Detractors point out that our primary hypothesis did not reach the p-value cut-off of .05 and moderator analyses are post-hoc and only impact a subset. These concerns are warranted as a means to advance rigorous science.
However, in pursuit of rigorous science, we should not lose the opportunity to learn from the entirety of our data (what worked for some subgroups and why) even when the primary outcome does not meet p ≤ .05. These are crucial data to inform future psychotherapy research and inform clinicians about potentially promising nuances of treatment delivery.
The Importance of Sub-Groups, Over and Above the P-Value
Unlike providing a medication or surgery (which include their own variability), psychotherapy is harder to control scientifically. Further complicating control are the interactions among therapist, psychotherapeutic approach, and individual psychological differences of clients.
As a result, our field must not be dismayed when we identify subgroups to better match treatment to person. This is not a novel concept. Since 1967, there have been calls for elucidating targeted therapies (“What treatment, delivered by whom, is most effective for what problem, under which set of circumstances”) (Paul, 1967).
Indeed, mice are not men (or women!). Despite the broad heterogeneity and nuances of human behavior, when taken to an extreme, applying rigid scientific hypothesis testing and interpretation to psychotherapy research may be analogous to putting a square peg into a circular hole. Indeed, even our best therapies for broad psychological disorders only impact approximately 50% of patients (Insel et al., 2010).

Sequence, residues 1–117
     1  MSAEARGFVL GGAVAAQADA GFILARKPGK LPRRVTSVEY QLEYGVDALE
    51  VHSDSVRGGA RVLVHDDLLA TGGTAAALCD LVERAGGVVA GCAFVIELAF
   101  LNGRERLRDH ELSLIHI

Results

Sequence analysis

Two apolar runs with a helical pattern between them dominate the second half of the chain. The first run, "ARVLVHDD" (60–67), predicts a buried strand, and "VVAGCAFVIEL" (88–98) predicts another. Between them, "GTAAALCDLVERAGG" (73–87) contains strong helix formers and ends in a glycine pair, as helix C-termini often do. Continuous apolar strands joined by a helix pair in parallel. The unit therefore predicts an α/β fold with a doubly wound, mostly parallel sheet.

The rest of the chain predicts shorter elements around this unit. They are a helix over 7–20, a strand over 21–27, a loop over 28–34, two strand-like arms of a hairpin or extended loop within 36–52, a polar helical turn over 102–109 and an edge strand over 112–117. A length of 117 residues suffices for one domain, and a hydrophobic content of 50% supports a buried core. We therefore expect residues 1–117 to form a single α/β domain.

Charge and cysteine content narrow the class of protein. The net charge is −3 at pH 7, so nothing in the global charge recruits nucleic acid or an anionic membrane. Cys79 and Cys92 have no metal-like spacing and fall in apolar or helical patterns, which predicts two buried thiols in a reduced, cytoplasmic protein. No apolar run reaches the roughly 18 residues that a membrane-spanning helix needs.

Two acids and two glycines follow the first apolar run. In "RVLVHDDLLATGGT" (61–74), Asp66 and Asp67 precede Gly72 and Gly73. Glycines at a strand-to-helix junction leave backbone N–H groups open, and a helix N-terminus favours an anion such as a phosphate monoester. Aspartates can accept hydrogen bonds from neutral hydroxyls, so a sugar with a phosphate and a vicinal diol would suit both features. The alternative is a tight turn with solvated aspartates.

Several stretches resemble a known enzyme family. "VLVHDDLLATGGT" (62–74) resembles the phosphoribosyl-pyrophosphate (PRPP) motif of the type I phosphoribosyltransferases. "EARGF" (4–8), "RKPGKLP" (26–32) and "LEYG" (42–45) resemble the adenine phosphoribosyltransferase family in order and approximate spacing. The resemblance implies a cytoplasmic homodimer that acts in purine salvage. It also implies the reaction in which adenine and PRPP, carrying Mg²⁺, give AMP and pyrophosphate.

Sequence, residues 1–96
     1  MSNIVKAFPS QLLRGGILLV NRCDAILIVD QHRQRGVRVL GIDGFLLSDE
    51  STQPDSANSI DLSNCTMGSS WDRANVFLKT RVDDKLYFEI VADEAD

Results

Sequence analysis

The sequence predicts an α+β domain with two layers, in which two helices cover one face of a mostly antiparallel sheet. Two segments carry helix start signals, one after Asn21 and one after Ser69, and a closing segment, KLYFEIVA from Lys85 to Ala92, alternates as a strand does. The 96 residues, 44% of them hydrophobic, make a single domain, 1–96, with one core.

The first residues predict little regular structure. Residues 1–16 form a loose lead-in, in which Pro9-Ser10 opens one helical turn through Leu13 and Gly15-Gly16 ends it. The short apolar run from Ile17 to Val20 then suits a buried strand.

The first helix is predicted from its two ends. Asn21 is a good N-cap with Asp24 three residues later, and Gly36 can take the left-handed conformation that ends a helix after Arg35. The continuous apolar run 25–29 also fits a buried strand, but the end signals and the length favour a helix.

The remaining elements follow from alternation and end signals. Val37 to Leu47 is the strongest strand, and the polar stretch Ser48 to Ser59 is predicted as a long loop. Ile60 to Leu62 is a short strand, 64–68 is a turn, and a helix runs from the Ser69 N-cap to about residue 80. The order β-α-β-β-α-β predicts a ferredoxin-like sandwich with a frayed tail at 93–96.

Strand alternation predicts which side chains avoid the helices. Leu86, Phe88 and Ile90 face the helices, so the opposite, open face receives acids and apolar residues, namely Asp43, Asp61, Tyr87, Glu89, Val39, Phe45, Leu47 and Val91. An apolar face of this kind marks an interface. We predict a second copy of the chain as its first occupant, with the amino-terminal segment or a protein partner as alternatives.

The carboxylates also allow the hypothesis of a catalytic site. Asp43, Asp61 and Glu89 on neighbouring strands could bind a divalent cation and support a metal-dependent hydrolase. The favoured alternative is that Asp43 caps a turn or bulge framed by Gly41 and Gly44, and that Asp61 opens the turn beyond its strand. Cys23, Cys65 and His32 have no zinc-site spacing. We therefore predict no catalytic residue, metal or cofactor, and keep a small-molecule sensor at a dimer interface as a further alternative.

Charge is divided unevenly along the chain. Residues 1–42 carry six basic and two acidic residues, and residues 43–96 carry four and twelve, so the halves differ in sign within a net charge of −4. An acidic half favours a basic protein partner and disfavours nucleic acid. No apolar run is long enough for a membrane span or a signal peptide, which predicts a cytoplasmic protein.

Why is this?
At the most basic level, people are heterogeneous and change happens based on one’s internal and external environment with far greater impact on psychotherapeutic approaches as compared to physical interventions. If a behavior or outcome is observed that may not have been the initial hypothesis, but the methodological rigor of the study was intact, the scientific community should be open to the unexpected.
Indeed, theories are just that – theories! There should be no disgrace in not supporting a theory or hypothesis. Yet, all researchers regardless of discipline, are often shamed and this results in actions that hinder science; for example the “file drawer” or “be first or be best” publication syndromes. This is especially problematic because understanding why a study replicates – or does not replicate – is central to science.
Conclusion and Summary
At times, we are fortunate to work with savvy collaborators and editors who can see the value of clear scientific rigor, alongside of the robust variability of our human participants and their environment. Recently, I was delighted to read an article in the New England Journal of Medicine that discussed a more optimistic approach to clinical trials; namely, interpreting results in the context of several aspects and not deeming a trial as a failure if the primary outcome does not reach the arbitrary p-value cut-off (Pocock & Stone, 2016).
Clearly, boundaries are important and I am by no means a supporter of “fishing expeditions”. However, we must enlighten scientists to restrain from “throwing out the baby with the bath water” when interpreting trial outcomes, particularly those involving psychotherapy. Watering down or ignoring our results and interpretations will only result in a disservice to the field, and more disturbingly, to clients with psychological difficulties who deserve to have every bit of science considered when seeking treatment.